Because other teams in the league had similar problems, league president Jim Gruenwald proposed that the first six games of the season be moved to the back end of the schedule to give everyone an extra week to get their stadiums ready.

It figured to take much longer than that to get Municipal Stadium in shape, however. Some predicted that it would be July before the Angels played in their home park.

They opened their season May 1 at Douglas Park but only needed to play five games in Rock Island.

The water receded fairly quickly, the stadium was completely flushed out to get rid of silt, the fences were rebuilt and it was ready to go by May 16. General manager Ken Blackman and many others, including manager Harry Dunlop, minor league pitching instructor Tom Morgan and team president Gabby Crow, all provided "muscle power and elbow grease" to get everything done.


This time the Angels made use of lessons they learned in 1965. They dismantled many of the outfield fences and took the doors off the dugouts and just allowed the water to flow in. In '65, they had sandbagged in the dugouts but the doors still got wet and swelled to the point where they could not be opened.

They also had planned to lay new sod on the infield but waited until after the flood had passed.

This time the club relocated its offices to Holy Family School and played its first four home games on the Colt League diamond at Davenport’s Northwest Park before getting back into Municipal Stadium on May 9.

They again were not the only team in the Midwest League to be hard hit by flooding. In both 1965 and 1969, the Clinton Pilots were plagued by flooding and both times ended up playing many of their home games in Lowden, Iowa.


With floodwater covering the outfield, the Angels played their first three scheduled home games in Cedar Rapids and the next three in Burlington.

They eventually were able to play a few games at home with a snow fence erected in right field about 30 feet in front of the wall to cordon off standing water in that area. Balls hit into the fenced-off area were ground-rule doubles.

However, more rain prompted the team to play a few games at Northwest Park. The Angels final returned to John O’Donnell on May 18, but it was a few more weeks before the snow fence was removed.


The Angels again sought refuge at Northwest Park when the river again ventured above 19 feet, although this time they only needed to play three games on the Colt League field before the water receded.


Another major flood hit the area, but it happened earlier in the spring and did not affect the Quad-City Cubs. They were able to open the home season, as scheduled, on April 15.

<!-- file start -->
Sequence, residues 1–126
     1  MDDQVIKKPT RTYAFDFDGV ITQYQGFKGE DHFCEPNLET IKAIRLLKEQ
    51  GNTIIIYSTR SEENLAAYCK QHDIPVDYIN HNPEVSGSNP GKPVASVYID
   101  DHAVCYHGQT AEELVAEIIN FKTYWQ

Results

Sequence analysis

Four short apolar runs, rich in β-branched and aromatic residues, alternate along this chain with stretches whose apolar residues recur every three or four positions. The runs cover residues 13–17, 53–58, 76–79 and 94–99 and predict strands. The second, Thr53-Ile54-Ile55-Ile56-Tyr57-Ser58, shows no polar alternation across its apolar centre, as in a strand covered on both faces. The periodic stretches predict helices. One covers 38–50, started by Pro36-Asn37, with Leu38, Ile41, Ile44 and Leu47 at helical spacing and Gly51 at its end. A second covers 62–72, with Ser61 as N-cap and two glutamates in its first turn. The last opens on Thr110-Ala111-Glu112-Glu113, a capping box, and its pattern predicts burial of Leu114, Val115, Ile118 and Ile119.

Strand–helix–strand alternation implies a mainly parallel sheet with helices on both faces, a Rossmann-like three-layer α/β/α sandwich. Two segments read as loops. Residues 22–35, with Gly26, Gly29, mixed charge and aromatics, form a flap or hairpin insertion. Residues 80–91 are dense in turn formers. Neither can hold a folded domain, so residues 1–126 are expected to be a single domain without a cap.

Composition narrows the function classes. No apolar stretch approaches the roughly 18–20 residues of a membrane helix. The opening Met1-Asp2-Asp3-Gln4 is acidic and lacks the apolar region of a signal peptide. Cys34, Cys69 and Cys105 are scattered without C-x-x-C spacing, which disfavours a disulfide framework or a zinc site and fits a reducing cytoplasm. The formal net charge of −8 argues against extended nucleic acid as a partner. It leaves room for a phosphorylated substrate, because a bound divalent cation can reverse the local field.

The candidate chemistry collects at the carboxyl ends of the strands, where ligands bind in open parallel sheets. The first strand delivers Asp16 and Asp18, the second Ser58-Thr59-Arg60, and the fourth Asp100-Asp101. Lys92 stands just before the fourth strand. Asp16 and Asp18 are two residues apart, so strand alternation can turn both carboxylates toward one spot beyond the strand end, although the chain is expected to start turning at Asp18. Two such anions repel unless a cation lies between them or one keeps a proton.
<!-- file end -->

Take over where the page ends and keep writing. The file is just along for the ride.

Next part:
The river went above 19 feet again, and this time it crept up quickly. The Angels opened the season with an April 11 night game at Burlington and returned home at 1 a.m. to find that water had seeped into the stadium while they were gone.

A walkway made of loading dock skids was quickly constructed to get to the entrance of the stadium, but it was April 24 before the Angels could play a game there and another week after that before they could play a night game. The floodwater had damaged new light towers that were waiting to be installed.

The team ended up canceling seven games because of the flood, and it also had eight rainouts during the season. That resulted in more than $50,000 in lost revenue, putting the Quad-Cities Fans Association, which owned the team, in desperate financial straits.

Shortly after the season ended, the fans association sold the team to Chicagoan Harry Semrow, who sold it about a year later to another Chicago entrepreneur, Richard Holtzman.

The flooding of 1986 didn’t end with the baseball season. A rare fall flood inflicted more damage on the stadium, prompting Assumption High School to relocate some football games that were scheduled to be played there.

Ever since the disastrous flood of 1965, protecting the stadium and the entire Davenport riverfront from flooding had been a major topic of conversation but very little had been done.

During the 1980s, the city spent money on new bleachers, a new roof and new lights, and in 1989, it finally did something to hopefully reduce the threat of flooding. The playing surface was raised four feet.


A double dose of flooding four years later created bigger problems than ever before.